In the September issue of Nuclear News, I asked if you’ve ever wondered why nuclear isn’t commonly considered the choice for clean power production. In that column and in August’s, I provided some information about the cleanliness and safety of nuclear for your use as you make the case for this clean energy source to friends and neighbors. This month, let’s talk reliability.
October 13, 2020, 12:00PMANS News
December 13, 2018, 9:20PMANS Nuclear Cafe
ANS member Dr. Christopher Morrison was a recent guest on The Space Show. Dr. Morrison covered space radiation, lifetime radiation limitations, legal limits, rodent GCR and radiation experimentation, terrestrial radiation simulations, space nuclear power & propulsion, super-cooling conductivity.
October 29, 2012, 5:05PMANS Nuclear Cafe
Scroll down to hurricane graphic for resources and links.
October 5, 2012, 6:00AMANS Nuclear Cafe
Today's ANS Nuclear Matinee shows viewers a time-lapse film of a steel superstructure being built on top of the dome of Sequoyah-2's reactor containment building. The work is being done to ready the site for a large maintenance project scheduled at the plant. When complete, the superstructure will support the removal of parts of the dome along with the reactor containment vessel and steam generator enclosures.
August 29, 2012, 6:00AMANS Nuclear Cafe
When I was registering for the various events scheduled to take place during the ANS Annual Meeting this past June, I was quite excited to see that one of the three technical tours would be at Exelon's Dresden Nuclear Station, not too far from downtown Chicago where the meeting was taking place. Luckily, I made the cut for attendance and was issued a ticket for the tour when I checked in at the meeting desk.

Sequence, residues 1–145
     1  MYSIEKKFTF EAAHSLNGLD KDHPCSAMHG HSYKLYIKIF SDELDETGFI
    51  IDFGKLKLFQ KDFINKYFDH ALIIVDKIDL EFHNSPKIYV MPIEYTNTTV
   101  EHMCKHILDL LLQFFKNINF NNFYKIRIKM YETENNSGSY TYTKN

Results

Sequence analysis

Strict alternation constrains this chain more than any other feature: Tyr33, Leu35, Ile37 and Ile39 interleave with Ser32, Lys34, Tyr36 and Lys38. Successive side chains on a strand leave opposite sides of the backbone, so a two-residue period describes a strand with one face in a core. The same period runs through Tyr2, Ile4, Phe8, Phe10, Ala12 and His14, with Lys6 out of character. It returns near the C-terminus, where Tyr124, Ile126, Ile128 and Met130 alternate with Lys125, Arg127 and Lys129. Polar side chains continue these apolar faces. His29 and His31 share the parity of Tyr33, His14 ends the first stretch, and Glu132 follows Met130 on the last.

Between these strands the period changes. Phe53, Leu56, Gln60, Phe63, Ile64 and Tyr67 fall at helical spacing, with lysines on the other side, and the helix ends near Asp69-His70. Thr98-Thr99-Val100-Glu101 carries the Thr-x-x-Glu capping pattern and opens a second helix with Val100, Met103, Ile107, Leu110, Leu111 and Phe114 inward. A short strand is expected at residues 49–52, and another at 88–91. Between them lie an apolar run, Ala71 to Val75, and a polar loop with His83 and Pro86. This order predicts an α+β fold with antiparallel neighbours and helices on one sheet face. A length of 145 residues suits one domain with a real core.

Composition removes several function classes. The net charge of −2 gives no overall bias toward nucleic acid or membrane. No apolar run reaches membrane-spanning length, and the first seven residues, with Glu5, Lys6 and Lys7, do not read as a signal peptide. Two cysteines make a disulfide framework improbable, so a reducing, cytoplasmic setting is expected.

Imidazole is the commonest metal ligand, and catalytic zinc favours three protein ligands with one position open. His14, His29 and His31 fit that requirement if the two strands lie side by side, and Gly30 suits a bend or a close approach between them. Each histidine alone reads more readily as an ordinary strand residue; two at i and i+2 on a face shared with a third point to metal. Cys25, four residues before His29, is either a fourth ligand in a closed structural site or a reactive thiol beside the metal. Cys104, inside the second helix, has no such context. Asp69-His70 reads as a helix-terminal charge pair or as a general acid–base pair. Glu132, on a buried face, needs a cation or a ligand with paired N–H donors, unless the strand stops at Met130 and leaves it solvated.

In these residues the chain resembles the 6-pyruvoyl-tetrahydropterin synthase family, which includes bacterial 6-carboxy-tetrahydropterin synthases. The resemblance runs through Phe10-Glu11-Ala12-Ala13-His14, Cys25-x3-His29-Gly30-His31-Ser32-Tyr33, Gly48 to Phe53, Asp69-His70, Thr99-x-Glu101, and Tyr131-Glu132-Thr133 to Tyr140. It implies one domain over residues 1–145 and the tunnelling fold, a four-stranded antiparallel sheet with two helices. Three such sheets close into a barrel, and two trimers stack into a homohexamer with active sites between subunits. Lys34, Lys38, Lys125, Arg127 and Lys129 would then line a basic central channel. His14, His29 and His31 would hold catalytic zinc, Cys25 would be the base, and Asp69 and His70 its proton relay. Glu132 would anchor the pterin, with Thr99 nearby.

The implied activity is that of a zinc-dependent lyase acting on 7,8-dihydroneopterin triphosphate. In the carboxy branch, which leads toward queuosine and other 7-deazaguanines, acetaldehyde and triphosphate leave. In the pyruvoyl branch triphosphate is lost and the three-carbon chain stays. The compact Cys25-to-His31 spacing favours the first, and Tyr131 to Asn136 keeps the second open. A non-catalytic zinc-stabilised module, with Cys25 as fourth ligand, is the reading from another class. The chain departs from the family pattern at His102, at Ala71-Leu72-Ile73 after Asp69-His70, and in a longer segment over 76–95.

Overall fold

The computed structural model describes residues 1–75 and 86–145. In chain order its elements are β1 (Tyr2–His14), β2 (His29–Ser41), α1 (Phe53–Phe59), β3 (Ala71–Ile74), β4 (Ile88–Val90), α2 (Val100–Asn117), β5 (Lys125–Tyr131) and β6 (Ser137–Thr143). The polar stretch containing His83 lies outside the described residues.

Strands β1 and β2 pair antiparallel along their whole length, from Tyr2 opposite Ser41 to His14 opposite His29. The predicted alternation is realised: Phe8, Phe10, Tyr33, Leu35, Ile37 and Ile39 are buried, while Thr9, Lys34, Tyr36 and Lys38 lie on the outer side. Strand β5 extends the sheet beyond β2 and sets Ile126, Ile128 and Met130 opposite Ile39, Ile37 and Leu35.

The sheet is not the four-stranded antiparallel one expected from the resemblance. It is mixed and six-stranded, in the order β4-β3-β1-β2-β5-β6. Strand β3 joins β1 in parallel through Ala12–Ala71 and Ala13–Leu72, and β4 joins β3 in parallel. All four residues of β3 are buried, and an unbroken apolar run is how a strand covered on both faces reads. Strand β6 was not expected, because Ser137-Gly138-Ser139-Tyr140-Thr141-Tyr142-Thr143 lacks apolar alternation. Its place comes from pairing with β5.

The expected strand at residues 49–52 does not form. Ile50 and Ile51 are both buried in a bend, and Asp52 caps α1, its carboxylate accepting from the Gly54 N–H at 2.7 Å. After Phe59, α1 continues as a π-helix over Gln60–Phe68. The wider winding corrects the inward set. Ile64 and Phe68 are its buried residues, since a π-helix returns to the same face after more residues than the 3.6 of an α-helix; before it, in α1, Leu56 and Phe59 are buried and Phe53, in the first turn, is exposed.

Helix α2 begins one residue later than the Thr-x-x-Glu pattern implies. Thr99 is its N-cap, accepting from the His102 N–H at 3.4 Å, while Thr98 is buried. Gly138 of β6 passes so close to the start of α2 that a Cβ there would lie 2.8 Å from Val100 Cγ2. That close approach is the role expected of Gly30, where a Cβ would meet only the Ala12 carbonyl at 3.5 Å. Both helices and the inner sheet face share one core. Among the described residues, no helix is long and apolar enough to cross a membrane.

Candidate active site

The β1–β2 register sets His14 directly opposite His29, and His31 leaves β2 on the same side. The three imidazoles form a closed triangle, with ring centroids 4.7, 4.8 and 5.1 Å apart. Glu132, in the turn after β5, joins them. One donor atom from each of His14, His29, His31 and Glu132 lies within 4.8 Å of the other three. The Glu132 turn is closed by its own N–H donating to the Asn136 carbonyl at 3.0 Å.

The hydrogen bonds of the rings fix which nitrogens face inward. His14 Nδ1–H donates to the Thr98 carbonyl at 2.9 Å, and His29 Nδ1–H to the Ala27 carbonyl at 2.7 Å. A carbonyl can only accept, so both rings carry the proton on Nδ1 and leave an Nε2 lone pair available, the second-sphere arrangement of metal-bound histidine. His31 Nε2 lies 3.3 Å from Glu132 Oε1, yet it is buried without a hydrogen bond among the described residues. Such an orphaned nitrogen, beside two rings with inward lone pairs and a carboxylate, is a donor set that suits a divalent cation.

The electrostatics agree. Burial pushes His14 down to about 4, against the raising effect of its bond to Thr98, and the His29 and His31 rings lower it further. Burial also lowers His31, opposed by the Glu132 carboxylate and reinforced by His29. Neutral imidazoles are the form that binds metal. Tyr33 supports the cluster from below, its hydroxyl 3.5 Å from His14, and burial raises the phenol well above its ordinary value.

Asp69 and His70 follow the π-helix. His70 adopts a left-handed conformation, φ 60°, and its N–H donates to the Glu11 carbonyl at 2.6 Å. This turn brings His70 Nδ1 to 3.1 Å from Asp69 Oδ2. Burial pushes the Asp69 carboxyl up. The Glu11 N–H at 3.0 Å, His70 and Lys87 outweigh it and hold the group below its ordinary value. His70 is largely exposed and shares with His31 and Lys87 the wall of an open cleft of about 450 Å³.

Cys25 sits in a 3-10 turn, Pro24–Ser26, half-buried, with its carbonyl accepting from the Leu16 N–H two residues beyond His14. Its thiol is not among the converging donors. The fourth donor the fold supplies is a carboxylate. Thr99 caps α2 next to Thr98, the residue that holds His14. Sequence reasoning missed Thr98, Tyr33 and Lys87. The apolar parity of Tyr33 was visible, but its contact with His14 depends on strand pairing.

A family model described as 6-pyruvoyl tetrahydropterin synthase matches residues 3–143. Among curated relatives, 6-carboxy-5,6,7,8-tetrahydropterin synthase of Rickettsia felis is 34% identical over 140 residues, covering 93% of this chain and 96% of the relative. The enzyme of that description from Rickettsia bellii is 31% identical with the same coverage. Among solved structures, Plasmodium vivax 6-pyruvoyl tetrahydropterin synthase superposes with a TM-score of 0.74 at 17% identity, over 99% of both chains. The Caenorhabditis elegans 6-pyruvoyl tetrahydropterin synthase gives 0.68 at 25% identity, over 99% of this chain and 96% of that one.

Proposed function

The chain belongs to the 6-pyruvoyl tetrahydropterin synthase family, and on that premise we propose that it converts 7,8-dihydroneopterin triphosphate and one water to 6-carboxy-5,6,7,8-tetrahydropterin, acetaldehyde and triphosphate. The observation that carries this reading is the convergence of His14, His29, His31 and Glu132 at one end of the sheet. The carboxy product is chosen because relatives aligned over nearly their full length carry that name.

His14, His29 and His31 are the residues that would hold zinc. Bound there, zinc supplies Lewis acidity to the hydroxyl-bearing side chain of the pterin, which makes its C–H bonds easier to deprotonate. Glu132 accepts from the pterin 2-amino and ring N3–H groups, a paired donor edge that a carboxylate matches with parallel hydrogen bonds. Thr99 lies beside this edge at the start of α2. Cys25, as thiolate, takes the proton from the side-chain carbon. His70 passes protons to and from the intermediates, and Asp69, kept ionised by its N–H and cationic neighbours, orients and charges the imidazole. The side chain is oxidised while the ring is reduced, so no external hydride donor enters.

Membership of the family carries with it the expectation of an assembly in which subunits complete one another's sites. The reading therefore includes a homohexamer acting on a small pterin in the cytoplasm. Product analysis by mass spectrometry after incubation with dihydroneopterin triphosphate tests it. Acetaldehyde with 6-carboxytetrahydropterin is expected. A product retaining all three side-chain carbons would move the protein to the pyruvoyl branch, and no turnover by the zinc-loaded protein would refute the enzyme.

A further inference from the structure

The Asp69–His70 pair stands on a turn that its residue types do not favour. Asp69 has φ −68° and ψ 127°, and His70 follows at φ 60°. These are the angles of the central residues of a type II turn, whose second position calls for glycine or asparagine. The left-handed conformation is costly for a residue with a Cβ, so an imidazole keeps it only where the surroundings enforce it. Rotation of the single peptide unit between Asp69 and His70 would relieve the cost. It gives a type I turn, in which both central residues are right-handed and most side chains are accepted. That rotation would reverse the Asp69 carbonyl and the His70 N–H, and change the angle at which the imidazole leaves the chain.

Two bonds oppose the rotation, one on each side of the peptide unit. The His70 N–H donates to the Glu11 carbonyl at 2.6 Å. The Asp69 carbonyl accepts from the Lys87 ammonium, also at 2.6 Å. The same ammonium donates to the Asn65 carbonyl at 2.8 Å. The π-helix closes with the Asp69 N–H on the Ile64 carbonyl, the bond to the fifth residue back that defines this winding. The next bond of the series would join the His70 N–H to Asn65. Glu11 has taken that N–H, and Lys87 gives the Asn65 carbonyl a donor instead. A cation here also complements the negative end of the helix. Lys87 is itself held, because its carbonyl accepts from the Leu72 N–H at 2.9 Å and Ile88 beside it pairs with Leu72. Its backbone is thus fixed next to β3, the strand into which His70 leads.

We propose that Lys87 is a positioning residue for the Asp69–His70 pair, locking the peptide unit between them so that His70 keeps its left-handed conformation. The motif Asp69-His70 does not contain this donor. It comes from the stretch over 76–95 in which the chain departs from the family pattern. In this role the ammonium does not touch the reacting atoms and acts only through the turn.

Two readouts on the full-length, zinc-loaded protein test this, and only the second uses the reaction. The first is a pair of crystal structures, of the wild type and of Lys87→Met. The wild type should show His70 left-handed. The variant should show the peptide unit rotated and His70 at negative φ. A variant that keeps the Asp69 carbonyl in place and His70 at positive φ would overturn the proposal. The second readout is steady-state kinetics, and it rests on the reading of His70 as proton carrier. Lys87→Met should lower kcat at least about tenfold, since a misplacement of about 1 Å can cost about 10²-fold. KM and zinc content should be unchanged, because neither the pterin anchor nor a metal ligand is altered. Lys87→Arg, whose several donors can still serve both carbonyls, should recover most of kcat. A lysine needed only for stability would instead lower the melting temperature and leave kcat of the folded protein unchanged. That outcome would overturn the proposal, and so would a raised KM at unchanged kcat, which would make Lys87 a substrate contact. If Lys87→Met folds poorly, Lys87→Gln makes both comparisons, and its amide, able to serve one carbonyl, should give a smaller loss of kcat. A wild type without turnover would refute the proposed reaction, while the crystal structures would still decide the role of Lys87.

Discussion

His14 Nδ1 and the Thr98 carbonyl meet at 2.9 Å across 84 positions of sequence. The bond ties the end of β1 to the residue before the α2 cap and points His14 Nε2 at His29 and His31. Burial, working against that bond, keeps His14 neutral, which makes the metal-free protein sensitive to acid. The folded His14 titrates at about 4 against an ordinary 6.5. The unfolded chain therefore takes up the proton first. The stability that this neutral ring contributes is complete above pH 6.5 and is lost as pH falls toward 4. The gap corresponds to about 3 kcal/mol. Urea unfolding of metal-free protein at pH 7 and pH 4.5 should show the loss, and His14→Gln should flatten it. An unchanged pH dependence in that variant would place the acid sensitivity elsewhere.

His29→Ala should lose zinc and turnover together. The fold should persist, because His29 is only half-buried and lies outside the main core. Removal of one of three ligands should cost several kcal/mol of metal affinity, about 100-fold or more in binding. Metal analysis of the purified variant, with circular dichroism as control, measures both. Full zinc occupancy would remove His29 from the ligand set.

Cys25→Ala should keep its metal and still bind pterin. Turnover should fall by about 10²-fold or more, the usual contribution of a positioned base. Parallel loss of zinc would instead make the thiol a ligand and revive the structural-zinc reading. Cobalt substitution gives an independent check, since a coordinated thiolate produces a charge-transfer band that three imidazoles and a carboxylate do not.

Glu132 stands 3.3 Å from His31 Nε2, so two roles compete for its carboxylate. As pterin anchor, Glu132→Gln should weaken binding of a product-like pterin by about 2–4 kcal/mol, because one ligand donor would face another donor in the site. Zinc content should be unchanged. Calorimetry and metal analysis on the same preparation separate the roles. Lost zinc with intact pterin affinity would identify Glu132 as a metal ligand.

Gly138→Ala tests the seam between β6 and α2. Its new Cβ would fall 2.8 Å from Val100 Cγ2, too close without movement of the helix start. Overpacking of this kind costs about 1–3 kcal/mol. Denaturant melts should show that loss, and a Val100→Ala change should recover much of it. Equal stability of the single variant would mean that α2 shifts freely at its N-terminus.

January 27, 2011, 7:00AMANS Nuclear Cafe
It is often stated that since no one can charge money for the wind, wind-generated electricity is free. This is not true. A modern wind turbine, which can generate 2 megawatts of electricity (MWe) when the wind is blowing, costs about $3.5 million installed. Five hundred of these turbines installed at a wind farm, to be able to generate 1000 MWe, would cost $1.75 billion. Add in other costs, such as for operation and maintenance (O&M) and transmission lines, and the total sum could match the approximate $4 billion required to build a nuclear plant.
December 9, 2010, 7:00AMANS Nuclear Cafe